The “Fifty Shades” Phenomenon: A Reader’s Diary, Part One

Okay, it’s official:  E.L. James’ Fifty Shades trilogy is now the Biggest Thing on the Planet, an overhyped juggernaut that inspires fawning love in its fans, eye-rolling contempt in its detractors and intense online debate from everybody as to who should portray its lead characters in the inevitable movie version.  Heck,  American Psycho author Bret Easton Ellis has even made it known that he’d like to write the screenplay.  I had been sitting this bit of pop culture out, as I had been having rather an eventful summer on my own, and anyway, I was immersed in George R.R. Martin’s A Song of Ice and Fire, which isn’t exactly light reading material– A Storm of Swords, even in paperback, weighs nearly two pounds– but then I reached a sticking point in that particular volume.  I’m not going to spoilerize it for those of you who only follow Martin’s epic through its television incarnation, Game of Thrones, but suffice it to say that so many characters I cared about kicked the bucket in one fell swoop that I threw the book against a wall.  (It’s in good company;  as I have previously posted, I have thrown many books against walls.)  I have every intention of finishing it, as well as the books that follow it, but right now I feel like I’m sort of in a mourning state, and I felt like this might be a perfect opportunity to mix it up with a bit of literary fluff, to cheer myself up, as it were.

First off, I had both little expectation and high hopes for this first book on the series, Fifty Shades of Grey.  I didn’t expect much, because I had already read of this book’s humble beginnings.  It started its life as a piece of Twilight fanfiction.  I’m not bashing Twilight nor am I bashing fanfiction.  I have gleefully partaken of both, and even produced some of the latter (specifically a Buffy/Twilight badfic matched in its intentional awfulness only by its brevity, and a lengthy Yu-Gi-Oh Azureshipping fic that I never bothered to post because it seems that most writers in that fic community hate my One True Pairing).  However, I did wander in with plenty of hope, at least for entertainment purposes– this book is very buzzy, mainly due to its subject matter, which is basically S&M erotica, and the effect it appears to have on its legions of readers.  I was interested in finding out what sort of book instigates the kind of rabid following this one has.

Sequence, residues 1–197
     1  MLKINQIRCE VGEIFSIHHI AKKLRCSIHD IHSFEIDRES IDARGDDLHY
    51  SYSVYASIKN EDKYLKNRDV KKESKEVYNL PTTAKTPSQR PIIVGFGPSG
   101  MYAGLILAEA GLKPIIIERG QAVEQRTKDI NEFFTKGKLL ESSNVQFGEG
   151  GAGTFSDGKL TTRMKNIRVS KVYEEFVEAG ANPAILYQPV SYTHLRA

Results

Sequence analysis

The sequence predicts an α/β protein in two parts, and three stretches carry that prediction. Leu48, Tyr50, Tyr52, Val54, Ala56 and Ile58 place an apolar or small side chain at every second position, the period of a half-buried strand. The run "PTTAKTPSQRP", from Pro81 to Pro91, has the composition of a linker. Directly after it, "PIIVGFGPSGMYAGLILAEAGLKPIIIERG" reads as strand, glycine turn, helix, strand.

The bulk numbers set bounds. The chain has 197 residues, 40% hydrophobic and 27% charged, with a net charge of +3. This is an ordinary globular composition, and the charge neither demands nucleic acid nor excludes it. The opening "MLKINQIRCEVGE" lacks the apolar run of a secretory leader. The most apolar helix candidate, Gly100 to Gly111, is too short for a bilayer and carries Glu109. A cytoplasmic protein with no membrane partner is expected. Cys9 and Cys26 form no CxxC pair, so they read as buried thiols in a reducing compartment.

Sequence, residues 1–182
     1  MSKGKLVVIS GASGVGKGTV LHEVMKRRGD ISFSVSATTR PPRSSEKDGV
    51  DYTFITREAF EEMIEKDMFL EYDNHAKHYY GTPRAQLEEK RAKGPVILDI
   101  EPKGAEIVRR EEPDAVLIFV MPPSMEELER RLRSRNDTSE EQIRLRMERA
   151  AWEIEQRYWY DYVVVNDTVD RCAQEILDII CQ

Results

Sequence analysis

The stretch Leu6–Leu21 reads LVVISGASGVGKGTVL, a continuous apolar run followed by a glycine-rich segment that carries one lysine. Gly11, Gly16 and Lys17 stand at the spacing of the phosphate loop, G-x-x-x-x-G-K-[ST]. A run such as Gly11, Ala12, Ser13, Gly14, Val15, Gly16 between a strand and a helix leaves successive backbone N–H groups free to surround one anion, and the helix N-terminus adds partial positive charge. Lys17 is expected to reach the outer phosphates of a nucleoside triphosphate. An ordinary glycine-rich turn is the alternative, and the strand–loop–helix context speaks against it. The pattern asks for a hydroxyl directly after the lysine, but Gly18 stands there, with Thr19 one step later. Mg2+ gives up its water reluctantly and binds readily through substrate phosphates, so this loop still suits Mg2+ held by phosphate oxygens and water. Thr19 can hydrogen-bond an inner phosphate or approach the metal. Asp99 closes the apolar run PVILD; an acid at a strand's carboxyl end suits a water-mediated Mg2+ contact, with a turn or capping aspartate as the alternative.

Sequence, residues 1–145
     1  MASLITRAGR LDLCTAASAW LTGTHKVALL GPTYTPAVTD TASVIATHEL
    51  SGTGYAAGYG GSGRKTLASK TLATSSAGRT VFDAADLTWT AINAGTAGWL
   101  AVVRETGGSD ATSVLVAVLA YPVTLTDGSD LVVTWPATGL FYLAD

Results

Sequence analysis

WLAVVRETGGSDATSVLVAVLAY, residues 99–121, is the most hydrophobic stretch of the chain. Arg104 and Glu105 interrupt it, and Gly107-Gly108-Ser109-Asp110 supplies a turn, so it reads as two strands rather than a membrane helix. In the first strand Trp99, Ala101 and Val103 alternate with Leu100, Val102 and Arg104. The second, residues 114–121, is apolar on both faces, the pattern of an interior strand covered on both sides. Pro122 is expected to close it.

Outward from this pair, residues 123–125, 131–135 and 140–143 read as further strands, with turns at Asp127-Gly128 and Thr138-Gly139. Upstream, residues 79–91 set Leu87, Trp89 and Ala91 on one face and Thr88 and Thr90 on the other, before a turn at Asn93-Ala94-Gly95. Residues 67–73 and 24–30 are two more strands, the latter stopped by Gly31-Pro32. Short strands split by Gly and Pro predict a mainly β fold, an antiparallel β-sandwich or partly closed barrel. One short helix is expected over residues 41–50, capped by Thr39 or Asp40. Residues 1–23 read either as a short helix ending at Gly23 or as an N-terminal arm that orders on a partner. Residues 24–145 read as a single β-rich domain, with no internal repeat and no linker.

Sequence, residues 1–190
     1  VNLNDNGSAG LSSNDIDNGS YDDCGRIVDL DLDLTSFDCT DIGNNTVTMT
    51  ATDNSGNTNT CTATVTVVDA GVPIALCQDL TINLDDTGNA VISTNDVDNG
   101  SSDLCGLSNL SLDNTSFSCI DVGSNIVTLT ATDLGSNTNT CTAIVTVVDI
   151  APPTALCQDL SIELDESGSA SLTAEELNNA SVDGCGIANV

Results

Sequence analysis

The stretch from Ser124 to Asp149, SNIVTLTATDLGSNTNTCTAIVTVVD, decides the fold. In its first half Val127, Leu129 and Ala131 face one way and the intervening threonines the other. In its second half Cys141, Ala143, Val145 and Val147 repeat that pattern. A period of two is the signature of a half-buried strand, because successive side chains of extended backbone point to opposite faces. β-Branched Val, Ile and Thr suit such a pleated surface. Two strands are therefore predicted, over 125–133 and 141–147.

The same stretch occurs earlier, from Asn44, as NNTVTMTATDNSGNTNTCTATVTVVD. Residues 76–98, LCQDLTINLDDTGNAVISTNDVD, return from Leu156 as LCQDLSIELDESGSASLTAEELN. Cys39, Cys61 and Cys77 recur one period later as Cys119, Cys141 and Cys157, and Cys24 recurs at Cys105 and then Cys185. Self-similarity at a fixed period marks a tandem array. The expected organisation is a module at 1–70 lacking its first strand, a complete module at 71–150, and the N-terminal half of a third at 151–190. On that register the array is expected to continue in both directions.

So, I’ve started reading the first book.  I’m roughly halfway in after a single day’s reading, and it’s a quick read.  I’ve met our participants, Anastasia Steele and Christian Grey, she an innocent young thing fresh out of college, which she somehow maintained her virginity while attending, and he a mysterious, drop-dead-gorgeous billionaire tycoon who isn’t even thirty yet.  I’ve been introduced to Mr. Grey’s slightly offbeat sexual interests– are they really that unusual, or is it just unusual that he has the means to indulge them with an entire “playroom” in his house?– and his first couple of sexual encounters with Ana, his taking of her virginity and a later instance involving a bathtub and Ana’s apparent talent for underwater fellatio.  I’ve heard some arguments online about whether something that happens during the virginity sequence is even possible, namely that Christian brings Ana to orgasm solely through breast stimulation.  (Fluffy is here to tell you that this is an Actual Thing, but its probability is limited by the skill, interest and attentiveness of one’s partner.  This is probably an overshare, but whatever.)  So far, nothing too unusual, except for the sheer mind-boggling amount of bondage equipment Christian Grey keeps in what Ana calls “the Red Room of Pain,”  which evokes a mental picture of the titular sex fiend’s “castle” in the old Prince song “Darling Nikki.”   They haven’t gotten around to using it yet, so the jury is still out.

Mainly, I’ve stayed away from these books because I’m worried that really they’re just the typical sappy, bodice-busting romance novels masquerading as something innovative.  So far, this is holding true.  I’ve read far, far more eye-popping passages in, say, Anne Rice’s Sleeping Beauty trilogy.  Of course, I’m just starting out, so we shall see.  I’ll break down my take on the book further when I’ve finished it.

 

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